As Turkey reels from terror attacks, the fallout of Syria's civil war, and political and economic uncertainties, Turks abroad are thinking hard about taking traditional summer holidays back to their homeland.
"I have not made a decision yet," said Doga Eralp, who teaches conflict resolution at American University in Washington, D.C. "There are political developments happening outside my will. I will decide accordingly. But I know at least two Turks who will not go to Turkey this summer."
Nadya Uygun, an Armenian born in Turkey who lives in Naples, Florida, says that the combination of pressures on Turkish citizens make her reluctant to visit.
"I no longer go there due to many reasons including my safety concerns, the rising racism in Turkey and my Armenian background," she said. "I am an outspoken Armenian, so I often find myself in trouble in Turkey. But I used to visit there once or even twice every year."
More than 5 million Turkish citizens live outside the country, according to the Turkish Ministry of Foreign Affairs.
2016 may reverse the trend, but there has been a steady increase in the number of Turks visiting home in recent years, according to Basaran Ulusoy, president of the Istanbul-based Association of Turkish Travel Agencies.
Ulusoy says returning Turks spent $5.8 billion when they visited in 2015, up from $3.8 billion in 2004.
For many Turks living outside of Turkey, family ties in Turkey lure them home in summer.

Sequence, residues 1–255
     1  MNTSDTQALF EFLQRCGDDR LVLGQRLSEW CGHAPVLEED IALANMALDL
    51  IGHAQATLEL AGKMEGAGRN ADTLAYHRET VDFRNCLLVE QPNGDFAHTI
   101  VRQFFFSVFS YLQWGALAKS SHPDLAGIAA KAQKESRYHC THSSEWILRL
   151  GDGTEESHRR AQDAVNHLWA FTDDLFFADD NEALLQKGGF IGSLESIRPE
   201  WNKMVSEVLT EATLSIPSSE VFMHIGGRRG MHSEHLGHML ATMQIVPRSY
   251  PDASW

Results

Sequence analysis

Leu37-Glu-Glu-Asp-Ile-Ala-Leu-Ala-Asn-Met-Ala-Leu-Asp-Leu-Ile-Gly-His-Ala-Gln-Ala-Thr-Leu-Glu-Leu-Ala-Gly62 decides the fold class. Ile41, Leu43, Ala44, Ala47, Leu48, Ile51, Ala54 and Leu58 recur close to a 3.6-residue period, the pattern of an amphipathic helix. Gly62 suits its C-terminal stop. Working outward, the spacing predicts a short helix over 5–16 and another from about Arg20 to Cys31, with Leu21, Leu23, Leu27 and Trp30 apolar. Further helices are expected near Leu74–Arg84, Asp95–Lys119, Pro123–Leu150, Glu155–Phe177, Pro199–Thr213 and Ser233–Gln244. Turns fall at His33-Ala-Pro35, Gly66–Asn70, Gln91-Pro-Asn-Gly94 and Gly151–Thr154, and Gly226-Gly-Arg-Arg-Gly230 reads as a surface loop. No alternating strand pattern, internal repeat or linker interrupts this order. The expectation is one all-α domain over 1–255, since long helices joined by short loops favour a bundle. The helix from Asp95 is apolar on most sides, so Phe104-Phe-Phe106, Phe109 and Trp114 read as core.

"But if I did not have family there, I would not go there — that is certain" said Sinan Ciddi, a visiting professor at Georgetown University. "I am worried about my family every day."
Halis Cadirci, a restaurant manager in Washington, D.C., says visiting Turks will be wary of traveling to cities along the Syrian border.
"I will be staying in Istanbul, where the war or violence is not felt so intensely," said Cadirici, who plans to visit for two months. "But if I was to visit cities like Kilis, Gaziantep, or Maras, where IS activities are reportedly high, then I would have more doubts about whether I should go or not."
Lezdar Kaplan, a post office employee in Stockholm, said there is a difference between visiting Turkey as a citizen of Turkey versus being a tourist. Kaplan grew up in Diyarbakir, a mostly Kurdish enclave in eastern Turkey where Turkish police are battling Kurdish insurgency.
"It is my homeland," said Kaplan, who visited the region recently. "And I will go again on the first opportunity. But if I was to go there as a tourist, I too could have been scared."
The threat of IS terror, though, is not only found along the border of Syria but in urban centers of Istanbul and Ankara where IS claimed responsibility for bombings in the last year.
Kemal Ozmen, a financial adviser in Bucharest, Romania, says that staying away from places where jihadist violence is widespread can be difficult.
"Islamic State activities clearly threaten everyone's safety in Turkey," said Ozmen, who may skip Turkey this year for another destination. "My biggest concern is the security of my family, so I would rather choose a holiday destination where I will feel my children are safe and sound."
Tourism to Turkey has plummeted after a series of bombing attacks claimed by Islamic State (IS) and insurgent Kurds. Visitor traffic fell by a record 28 percent to 1.75 million in April, according to data compiled by Bloomberg.
Turkey is grappling with more than three million refugees, most of whom fled the civil war in Syria. And continuing diplomatic disputes with Russia have led to a crippling drop in trade.
Meanwhile, political rows over the hard-line policies of the Turkish president — including a crackdown on freedom of expression — are gripping the nation.
Countries, including the United States, the United Kingdom, Israel and Russia, have advised their citizens to avoid travel to southeastern Turkey. The U.S. Department of State has warned its citizens to avoid traveling, particularly to the Turkish cities near the Syrian border.